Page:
Chemotherapy Underutilized in High-Risk Bladder Cancer

Jason M. Broderick @jasoncology
Published: Thursday, May 22, 2014
Dr. Christopher Booth

Christopher Booth, MD

Despite evidence supporting its efficacy, chemotherapy is not routinely administered to patients with muscle-invasive bladder cancer (MIBC), according to a population-based outcomes study from Canadian researchers.

“Patients having surgery for bladder cancer should have chemotherapy, either before or after surgery. Efforts are needed to improve uptake of this treatment, which appears to be vastly underutilized,” lead author Christopher Booth, MD, Division of Cancer Care and Epidemiology, Queen’s University Cancer Research Institute, Ontario, Canada, said in a statement.

Research supports the use of neoadjuvant chemotherapy (NACT) in MIBC, including a metaanalysis of randomized controlled trials that found a significant 5% overall survival benefit with NACT (Eur Urol. 2005;48[2]:202-205). Although the efficacy of adjuvant chemotherapy (ACT) is not as firmly established in the literature, the authors wrote, “the clinical community appears to have accepted the efficacy of ACT.”

Booth et al sought to determine the use and efficacy of perioperative chemotherapy among the general population of Ontario. They evaluated records of 2944 patients with MIBC from the Ontario Cancer Registry who received a cystectomy between 1994 and 2008. The majority of patients had locally advanced (T3/T4) tumors (71%), were male (75%), and were aged >70 years (60%). Positive lymph nodes were reported in one-fourth of cases.

Overall, NACT was administered to 4% of patients (n = 129), 19% received ACT (n = 572), and 1% (n = 30) were treated with both. To examine usage trends, the researchers segmented patients into three groups: 1994- 1998 (n = 705), 1999-2003 (n = 964), and 2004-2008 (n = 1275). NACT use remained static across the three intervals at 5%, 3%, and 6%, respectively, while use of chemotherapy after cystectomy increased from 16%, to 18%, to 22%.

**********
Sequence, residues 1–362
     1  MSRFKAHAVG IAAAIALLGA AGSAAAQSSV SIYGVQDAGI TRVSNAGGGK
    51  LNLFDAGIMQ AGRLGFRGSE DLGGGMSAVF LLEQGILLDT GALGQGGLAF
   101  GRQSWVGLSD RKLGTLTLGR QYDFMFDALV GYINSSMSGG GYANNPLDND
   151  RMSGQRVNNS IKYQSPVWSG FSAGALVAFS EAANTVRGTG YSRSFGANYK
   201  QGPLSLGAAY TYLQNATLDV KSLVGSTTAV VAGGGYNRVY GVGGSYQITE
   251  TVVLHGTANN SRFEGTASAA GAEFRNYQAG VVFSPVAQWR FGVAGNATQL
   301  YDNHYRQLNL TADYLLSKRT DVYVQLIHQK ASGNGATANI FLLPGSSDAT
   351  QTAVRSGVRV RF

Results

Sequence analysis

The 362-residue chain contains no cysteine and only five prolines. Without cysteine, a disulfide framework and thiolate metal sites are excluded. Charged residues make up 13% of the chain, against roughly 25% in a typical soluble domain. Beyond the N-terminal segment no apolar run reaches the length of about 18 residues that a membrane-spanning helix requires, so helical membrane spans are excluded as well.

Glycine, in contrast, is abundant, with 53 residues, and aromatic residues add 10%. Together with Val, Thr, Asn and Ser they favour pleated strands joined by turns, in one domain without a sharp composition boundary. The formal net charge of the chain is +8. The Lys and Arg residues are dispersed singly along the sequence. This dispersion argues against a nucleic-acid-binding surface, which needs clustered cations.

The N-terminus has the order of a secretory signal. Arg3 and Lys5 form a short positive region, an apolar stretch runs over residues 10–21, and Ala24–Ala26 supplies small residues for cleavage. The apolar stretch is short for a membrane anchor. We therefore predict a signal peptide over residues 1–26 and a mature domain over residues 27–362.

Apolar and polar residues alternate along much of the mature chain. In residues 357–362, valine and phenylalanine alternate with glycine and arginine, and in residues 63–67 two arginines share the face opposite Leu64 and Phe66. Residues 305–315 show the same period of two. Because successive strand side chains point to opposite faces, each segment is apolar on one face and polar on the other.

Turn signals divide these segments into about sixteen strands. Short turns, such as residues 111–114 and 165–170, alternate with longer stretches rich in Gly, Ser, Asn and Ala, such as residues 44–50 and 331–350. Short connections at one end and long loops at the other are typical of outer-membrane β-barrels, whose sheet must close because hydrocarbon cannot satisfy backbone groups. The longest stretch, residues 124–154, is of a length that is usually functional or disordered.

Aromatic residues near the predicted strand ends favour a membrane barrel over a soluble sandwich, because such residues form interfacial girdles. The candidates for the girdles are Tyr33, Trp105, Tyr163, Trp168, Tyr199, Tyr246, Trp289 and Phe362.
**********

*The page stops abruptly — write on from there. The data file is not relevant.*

The researchers were able to identify the specific regimen for 46% (n = 308) of the patients who received perioperative chemotherapy. Among this group, treatment included cisplatin in 82% of patients and carboplatin in 14%. Adjusted analyses linked younger age to increased use of chemotherapy in general and poor pathology with higher ACT use.

The 5-year overall survival (OS) rate for the study population as a whole was 29% (95% CI, 28-31), with a cancer-specific survival (CSS) rate of 33% (95% CI, 31-35). Patients receiving chemotherapy before surgery had a 5-year OS of 25% (95% CI, 17-34) and a 5-year CSS of 28% (95% CI, 18-39). The corresponding rates for the adjuvant group were 29% (95% CI, 25-33) and 28% (95% CI, 24-33), respectively.

Adjusted analyses of ACT use in the general population showed a hazard ratio of 0.71 for OS (95% CI, 0.62-0.81) and 0.73 for CSS (95% CI, 0.64-0.84). “Results from our study demonstrate that chemotherapy given after surgery improves patient survival—probably on the same order of magnitude as chemotherapy before surgery,” Booth said.

The authors noted that the 5-year OS rates of 25% and 29% for NACT and ACT, respectively, were “substantially” lower than rates reported in previous studies. With NACT, a 5-year OS rate of 57% was reported in a phase III randomized trial (N Engl J Med. 2003;349:859-866). Likewise, an updated meta-analysis showed a 5-year OS with ACT of about 50% (Eur Urol. 2005;48[2]:189- 199). Possible explanations for these OS discrepancies, according to the authors, are varying surgical strategies, biases in patient selection/referral, and the “known association between greater cystectomy volumes and improved outcomes.”

In their conclusion, Booth et al wrote, “Given the potential for perioperative chemotherapy to improve patient outcomes, further efforts are needed to understand reasons for underutilization.”


Booth CM, Siemens DR, Li G, et al. Perioperative chemotherapy for muscle-invasive bladder cancer: a population-based outcomes study [published online April 14, 2014]. Cancer. doi:10.1002/ cncr.28510.



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